In Defense of Human Exceptionalism
Wesley J. Smith
Tearing humans off the pedestal of exceptionalism is all the rage today among academics, philosophers, and other assorted members of the intelligentsia. The war against unique human worth -- of which many remain unaware -- is being mounted on many fronts:
- "Personhood Theory" in bioethics claims that granting humans unique moral status based simply on being human is "speciesism," and hence membership in the moral community should be based on being a "person" -- for example, possessing certain cognitive capacities (whether animal, human, space alien, or machine), such as being self-aware over time.
- The animal rights/liberation movement also seeks to knock us off the pedestal in the cause of elevating animals to equal moral worth with people. Thus, many liberationists urge that we base a being's value on "painience," that is, the capacity to experience pain. Since cows feels pain just as humans do, bovines are people too, and hence ranching cattle is as evil as slavery.
- Radical environmentalists and deep ecologists claim humans are a vermin species afflicting the living Gaia and that our population should be cut drastically so that earth can return to an Eden-like state.
- Meanwhile, the philosophical materialists proclaim that humans are merely so much meat on the hoof and, indeed, that species distinctions are fictional given our many shared genes with animals and all life having evolved out of the same primordial soup. This means, as novelist and journalist John Darnton put it in the San Francisco Chronicle in 2005, "We are all of us, dogs and barnacles, pigeons and crabgrass, the same in the eyes of nature, equally remarkable and equally dispensable."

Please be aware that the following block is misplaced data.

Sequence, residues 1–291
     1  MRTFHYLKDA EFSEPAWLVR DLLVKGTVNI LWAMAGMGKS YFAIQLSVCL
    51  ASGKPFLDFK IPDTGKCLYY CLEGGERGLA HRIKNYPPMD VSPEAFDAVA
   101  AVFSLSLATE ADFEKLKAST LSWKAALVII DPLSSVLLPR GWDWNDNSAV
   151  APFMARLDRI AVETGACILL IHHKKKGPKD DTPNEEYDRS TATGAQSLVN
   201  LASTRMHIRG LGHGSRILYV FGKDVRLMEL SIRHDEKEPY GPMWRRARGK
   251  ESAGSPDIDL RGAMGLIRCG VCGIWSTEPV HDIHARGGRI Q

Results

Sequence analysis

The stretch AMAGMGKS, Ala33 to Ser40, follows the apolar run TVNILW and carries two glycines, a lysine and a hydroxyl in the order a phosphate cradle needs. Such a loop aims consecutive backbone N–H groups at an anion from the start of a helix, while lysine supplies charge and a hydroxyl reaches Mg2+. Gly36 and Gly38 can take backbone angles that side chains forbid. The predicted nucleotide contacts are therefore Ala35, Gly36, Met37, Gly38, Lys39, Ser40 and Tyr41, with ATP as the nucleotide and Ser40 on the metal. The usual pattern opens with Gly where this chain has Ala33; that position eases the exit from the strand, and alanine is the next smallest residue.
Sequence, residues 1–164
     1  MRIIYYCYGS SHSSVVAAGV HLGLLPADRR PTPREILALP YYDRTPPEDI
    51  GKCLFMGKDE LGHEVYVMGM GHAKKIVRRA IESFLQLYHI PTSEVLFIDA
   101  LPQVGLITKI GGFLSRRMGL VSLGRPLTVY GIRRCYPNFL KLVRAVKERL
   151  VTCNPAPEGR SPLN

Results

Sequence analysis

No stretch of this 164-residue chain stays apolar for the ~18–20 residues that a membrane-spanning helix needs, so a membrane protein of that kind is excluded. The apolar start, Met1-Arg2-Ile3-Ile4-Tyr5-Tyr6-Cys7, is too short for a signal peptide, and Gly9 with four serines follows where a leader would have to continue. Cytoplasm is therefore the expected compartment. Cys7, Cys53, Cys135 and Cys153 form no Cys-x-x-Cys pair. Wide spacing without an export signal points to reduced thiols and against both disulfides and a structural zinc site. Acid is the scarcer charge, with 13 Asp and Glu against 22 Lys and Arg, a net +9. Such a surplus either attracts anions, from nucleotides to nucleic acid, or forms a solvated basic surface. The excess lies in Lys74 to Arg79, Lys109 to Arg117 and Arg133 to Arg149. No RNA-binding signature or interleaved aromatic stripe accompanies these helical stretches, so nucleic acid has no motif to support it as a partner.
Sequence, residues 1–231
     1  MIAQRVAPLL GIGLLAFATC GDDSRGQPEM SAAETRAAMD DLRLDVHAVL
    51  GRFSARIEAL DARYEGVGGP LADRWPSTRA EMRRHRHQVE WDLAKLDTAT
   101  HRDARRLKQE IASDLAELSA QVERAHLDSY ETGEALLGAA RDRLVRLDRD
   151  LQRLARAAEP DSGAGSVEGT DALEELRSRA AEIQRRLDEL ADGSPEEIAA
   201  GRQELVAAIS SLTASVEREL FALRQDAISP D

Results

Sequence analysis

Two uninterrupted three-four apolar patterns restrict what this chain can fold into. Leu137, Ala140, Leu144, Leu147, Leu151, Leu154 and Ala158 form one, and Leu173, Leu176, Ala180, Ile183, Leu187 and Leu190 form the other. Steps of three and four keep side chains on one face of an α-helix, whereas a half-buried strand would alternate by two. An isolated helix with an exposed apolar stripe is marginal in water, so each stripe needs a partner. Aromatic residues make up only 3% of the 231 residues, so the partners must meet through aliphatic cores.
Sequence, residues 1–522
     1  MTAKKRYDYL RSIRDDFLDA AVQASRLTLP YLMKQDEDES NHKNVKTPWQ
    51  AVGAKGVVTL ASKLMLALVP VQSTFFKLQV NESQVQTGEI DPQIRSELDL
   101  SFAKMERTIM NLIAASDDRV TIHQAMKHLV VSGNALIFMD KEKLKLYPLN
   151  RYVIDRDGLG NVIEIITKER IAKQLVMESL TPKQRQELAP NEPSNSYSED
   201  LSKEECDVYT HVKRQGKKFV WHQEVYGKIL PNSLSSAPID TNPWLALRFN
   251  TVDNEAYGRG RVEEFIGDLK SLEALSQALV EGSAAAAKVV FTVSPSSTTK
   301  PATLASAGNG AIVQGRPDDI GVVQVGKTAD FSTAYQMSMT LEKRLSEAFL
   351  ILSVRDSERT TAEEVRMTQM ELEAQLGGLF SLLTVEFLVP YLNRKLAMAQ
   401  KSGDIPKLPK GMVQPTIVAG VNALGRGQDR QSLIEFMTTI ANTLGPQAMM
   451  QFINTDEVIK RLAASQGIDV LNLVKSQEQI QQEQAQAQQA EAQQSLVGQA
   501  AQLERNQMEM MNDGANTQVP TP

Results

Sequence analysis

And now a new front appears to have been opened in the advocacy campaign to erase the distinction between fauna and us -- support for animal ensoulment, the subject of a recent New York Times story: Science of the Soul? 'I Think, Therefore I Am' Is Losing Force by Cornelia Dean. One advocate of this view mentioned by Dean is Nancey Murphy, a philosopher at Fuller Theological Seminary and author of Bodies and Souls or Spirited Bodies? (Cambridge, 2006). Murphy believes that just as Copernicus knocked earth off its celestial pedestal, new findings on cognition have displaced people from their "strategic location" in creation.
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